Battlepanda: The superfluity of free-will


Always trying to figure things out with the minimum of bullshit and the maximum of belligerence.

Tuesday, October 18, 2005

The superfluity of free-will

Kevin Drum muses that a positive, concrete demonstration that free-will is an illusion will drive us all to despair and mass-suicide. That's almost as silly as saying since physics proves that all seemingly solid surfaces in fact comprises of tiny atoms suspended in space, we should be afraid of walking around in fear of falling through. Why fear the implications of something theoretical if your ordinary existence contradicts that implication every day?
Say if scientists did manage to build a machine that can account for the position of every atom, every neurological impulse, every piece of information about our present so that it can completely predict our every reaction, our every act. I would call that a machine that looks into the future. Not a machine that destroys my will to live. I might prefer not to look into the machine, for the same reason that I do not look to the back of a book for the ending before I'm done with it. But just knowing that the machine have this ability would not, I don't think, make my life meaningless. The big temptation would be, as with a time machine, to peek into the future and change things about the present to avoid mistakes. But I think we've all seen enough sci-fi movies to know that this strategy would be, on the whole, a bad call.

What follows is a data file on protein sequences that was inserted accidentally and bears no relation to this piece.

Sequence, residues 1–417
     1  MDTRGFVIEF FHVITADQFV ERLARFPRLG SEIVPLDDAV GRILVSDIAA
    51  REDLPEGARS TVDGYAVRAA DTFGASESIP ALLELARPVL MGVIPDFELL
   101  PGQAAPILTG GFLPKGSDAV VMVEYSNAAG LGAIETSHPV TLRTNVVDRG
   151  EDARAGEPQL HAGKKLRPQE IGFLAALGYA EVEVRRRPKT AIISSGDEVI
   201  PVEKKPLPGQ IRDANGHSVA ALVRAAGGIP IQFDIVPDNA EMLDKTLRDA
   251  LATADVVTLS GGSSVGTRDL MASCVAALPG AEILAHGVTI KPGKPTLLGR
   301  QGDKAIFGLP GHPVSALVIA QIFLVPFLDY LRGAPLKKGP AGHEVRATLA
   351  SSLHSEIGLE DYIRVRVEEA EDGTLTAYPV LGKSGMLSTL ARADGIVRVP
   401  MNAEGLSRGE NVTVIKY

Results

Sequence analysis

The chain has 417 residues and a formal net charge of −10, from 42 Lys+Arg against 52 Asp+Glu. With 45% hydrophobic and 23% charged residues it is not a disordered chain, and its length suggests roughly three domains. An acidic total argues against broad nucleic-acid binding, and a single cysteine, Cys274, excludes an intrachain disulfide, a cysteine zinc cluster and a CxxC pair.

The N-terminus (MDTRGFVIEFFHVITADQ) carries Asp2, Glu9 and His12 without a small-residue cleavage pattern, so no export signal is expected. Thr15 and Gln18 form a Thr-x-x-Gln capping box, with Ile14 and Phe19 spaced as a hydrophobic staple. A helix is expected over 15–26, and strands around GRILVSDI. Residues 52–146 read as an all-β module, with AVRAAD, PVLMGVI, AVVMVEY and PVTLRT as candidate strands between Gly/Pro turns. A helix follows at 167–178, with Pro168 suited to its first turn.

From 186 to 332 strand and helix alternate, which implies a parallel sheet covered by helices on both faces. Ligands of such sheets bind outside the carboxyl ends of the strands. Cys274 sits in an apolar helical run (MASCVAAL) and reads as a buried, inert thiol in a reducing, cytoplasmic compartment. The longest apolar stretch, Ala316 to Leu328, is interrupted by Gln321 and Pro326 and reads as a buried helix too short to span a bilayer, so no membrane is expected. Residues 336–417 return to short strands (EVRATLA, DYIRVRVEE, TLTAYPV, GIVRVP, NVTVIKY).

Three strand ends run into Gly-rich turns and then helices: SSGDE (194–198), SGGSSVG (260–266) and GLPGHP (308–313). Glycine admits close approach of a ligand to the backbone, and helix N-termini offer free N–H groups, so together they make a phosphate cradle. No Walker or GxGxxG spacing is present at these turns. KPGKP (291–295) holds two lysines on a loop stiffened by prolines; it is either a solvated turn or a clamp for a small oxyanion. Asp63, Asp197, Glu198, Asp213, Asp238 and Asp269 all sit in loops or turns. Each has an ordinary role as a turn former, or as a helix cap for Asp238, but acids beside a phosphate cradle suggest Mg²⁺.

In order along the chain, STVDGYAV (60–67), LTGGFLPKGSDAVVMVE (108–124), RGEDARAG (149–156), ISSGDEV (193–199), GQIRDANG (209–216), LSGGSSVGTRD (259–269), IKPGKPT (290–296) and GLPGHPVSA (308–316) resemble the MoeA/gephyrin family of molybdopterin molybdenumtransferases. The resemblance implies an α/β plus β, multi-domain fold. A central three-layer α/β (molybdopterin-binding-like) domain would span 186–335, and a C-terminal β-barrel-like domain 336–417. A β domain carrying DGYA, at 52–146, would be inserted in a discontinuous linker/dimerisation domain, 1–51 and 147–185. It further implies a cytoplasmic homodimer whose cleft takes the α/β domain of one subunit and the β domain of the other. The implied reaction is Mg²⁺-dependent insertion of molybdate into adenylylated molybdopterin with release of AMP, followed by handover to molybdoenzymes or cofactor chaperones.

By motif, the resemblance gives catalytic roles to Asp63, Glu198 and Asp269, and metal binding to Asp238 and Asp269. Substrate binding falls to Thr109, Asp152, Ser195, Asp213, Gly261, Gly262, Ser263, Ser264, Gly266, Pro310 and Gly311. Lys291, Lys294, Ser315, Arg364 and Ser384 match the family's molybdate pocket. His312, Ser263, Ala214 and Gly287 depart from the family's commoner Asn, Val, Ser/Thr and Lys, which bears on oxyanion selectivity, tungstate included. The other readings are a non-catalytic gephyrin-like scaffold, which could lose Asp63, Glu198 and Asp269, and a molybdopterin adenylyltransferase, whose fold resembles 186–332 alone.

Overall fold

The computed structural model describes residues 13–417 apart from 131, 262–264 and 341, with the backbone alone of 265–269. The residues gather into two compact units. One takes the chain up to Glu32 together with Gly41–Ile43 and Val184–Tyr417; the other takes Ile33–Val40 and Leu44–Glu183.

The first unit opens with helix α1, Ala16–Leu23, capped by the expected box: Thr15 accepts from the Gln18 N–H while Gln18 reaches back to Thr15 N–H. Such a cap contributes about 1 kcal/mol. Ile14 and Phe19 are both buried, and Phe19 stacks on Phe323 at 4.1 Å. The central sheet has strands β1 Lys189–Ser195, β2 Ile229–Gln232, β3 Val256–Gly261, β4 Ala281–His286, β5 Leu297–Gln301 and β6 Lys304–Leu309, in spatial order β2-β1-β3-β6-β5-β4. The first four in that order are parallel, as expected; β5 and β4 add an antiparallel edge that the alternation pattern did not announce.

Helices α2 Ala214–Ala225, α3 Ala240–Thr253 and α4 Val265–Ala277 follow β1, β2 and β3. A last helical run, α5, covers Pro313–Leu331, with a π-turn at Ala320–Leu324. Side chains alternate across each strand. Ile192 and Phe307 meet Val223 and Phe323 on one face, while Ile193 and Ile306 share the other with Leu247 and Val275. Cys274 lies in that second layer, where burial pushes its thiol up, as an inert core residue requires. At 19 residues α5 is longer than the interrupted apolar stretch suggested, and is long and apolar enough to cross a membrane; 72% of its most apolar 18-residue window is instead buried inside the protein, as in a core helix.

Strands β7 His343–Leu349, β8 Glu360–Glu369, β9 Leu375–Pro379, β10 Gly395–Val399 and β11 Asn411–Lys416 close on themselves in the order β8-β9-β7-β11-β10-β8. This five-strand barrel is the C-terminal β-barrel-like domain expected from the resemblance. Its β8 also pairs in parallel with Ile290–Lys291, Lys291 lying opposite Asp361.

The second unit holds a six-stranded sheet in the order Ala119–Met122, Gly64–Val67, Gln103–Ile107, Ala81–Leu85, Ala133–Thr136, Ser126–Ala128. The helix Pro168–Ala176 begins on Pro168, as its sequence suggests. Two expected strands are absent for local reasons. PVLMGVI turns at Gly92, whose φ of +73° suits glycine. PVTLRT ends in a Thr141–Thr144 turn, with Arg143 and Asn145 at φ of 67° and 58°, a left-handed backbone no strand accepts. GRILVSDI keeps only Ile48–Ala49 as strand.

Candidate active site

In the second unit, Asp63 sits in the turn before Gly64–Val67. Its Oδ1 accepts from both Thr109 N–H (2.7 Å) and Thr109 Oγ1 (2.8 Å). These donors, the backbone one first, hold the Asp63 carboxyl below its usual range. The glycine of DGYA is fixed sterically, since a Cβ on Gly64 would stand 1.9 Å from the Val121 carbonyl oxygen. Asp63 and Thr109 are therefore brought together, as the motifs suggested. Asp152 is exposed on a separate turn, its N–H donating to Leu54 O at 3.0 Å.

Julian Sanchez gets it exactly right on this occasion:
Free will, it seems, is a little like God in this respect: Believers often seem
to think it's so centrally important that without it, life would necessarily be
meaningless. Yet those who don't believe seem to get on just fine